Having run a few marathons myself, I’ve always been interested in what the body actually goes through when running the historic distance of 26.2 miles. We all know running such a distance puts our bodies under a high amount of pressure and strain. Our glycogen stores will be exhausted, lactic acid will have built up in our muscles, we will have sweat liters of water and salt and our muscles will be sore.
I found the following information on Competitor.com to be very interesting. Here is what they said:
Muscles, tendons, ligaments, and almost every physiological system is challenged when running a marathon. It doesn’t matter if you crushed your goal or struggled to walk/jog to the finish, 26.2 miles is a long way to go and your body endures tremendous physical duress, even if you don’t feel sore immediately afterward. Here are some of the scientifically measured physiological systems that are impacted after running 26.2 miles.
One scientific study looked at the damage done to the calf muscles during a marathon and concluded that both the “intensive training for, and the marathon itself, induce inflammation and muscle fiber necrosis that significantly impaired muscle power and durability.”
This study makes it clear that your muscles are undoubtedly weakened and need extensive recovery before returning to full training. Given this study also examined calf muscles during an extended training block, the need for downtime applies to any arduous training segment.
Cellular damage post-marathon is best measured by the presence and production of creatinine kinase (CK) — a marker that indicates damage to skeletal and myocardial tissue — and increased myoglobin levels in the blood stream.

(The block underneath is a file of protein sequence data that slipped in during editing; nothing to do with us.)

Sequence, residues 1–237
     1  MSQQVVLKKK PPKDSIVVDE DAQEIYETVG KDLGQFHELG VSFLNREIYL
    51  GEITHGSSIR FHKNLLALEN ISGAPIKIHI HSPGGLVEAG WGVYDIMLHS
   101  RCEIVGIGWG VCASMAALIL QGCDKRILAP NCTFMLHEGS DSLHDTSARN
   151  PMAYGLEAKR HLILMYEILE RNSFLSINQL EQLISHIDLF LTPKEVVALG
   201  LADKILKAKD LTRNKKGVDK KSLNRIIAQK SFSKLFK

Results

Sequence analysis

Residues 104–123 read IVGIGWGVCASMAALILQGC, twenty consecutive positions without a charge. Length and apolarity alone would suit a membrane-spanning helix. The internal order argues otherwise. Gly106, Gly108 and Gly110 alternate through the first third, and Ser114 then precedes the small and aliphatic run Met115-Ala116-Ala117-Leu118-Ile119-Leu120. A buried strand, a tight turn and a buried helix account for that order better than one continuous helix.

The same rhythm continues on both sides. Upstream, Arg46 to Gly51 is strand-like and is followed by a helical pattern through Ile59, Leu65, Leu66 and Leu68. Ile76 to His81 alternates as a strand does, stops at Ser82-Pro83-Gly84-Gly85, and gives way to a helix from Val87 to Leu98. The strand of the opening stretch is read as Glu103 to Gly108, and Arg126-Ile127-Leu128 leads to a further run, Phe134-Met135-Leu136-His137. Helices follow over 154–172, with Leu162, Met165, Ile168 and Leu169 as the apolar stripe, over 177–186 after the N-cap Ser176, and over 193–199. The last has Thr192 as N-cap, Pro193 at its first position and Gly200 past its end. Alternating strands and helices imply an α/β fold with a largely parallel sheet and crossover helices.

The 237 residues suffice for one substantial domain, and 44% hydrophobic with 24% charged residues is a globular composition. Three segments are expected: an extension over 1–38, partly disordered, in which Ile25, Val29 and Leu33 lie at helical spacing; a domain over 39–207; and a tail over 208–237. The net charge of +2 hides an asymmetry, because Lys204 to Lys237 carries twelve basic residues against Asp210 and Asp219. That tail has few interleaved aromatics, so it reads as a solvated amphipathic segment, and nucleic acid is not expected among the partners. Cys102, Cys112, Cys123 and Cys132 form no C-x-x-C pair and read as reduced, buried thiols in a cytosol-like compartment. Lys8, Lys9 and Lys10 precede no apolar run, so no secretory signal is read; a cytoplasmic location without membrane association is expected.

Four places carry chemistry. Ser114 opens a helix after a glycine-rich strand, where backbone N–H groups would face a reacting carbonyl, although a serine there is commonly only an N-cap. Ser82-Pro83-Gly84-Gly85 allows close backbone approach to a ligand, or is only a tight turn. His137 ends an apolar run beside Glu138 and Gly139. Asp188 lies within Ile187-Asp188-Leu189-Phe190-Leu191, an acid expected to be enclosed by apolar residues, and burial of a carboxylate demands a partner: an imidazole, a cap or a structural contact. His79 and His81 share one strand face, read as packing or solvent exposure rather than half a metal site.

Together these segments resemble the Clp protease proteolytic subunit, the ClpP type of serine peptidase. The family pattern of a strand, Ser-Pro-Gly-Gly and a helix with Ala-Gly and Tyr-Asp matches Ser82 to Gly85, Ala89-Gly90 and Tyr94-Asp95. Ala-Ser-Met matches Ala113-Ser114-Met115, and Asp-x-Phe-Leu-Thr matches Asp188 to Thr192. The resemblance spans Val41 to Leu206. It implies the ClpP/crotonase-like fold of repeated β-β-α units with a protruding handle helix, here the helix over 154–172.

One study concluded that CK damage persisted more than seven days post-marathon while another study discovered the presence of myoglobin in the bloodstream for 3-4 days post race. Both of these studies clearly indicate that the body needs rest after a marathon to fully recover from the cellular damage caused during the race.
Unlike muscle soreness, these markers of hard training and racing aren’t always noticeable. This is why you need to take downtime after a marathon, even if you don’t feel sore.
Finally, studies have shown that the immune system is severely compromised after running 26.2 miles, which increases the risk of contracting colds and the flu.
A suppressed immune system is one of the major causes of overtraining. Therefore, skipping a much-needed rest period could lead to interrupted training down the road, which could significantly derail your long-term goals.
Anecdotal Evidence From Elite runners
While scientific evidence helps support training assumptions, perhaps the most obvious example of the importance of taking downtime is exhibited by elite runners. Elite runners are advised by the best coaches in the world and their livelihood depends on consistent training and racing.
Professional runners who make their living running races still take downtime after marathons and long training segments. Olympian Desiree Davila, and all members of the successful Hansons-Brooks Distance Project, take a fairly significant rest period after marathons. In a recent interview, Davila mentioned that she took two weeks off and then two weeks very easy after finishing second at the Olympic Trials.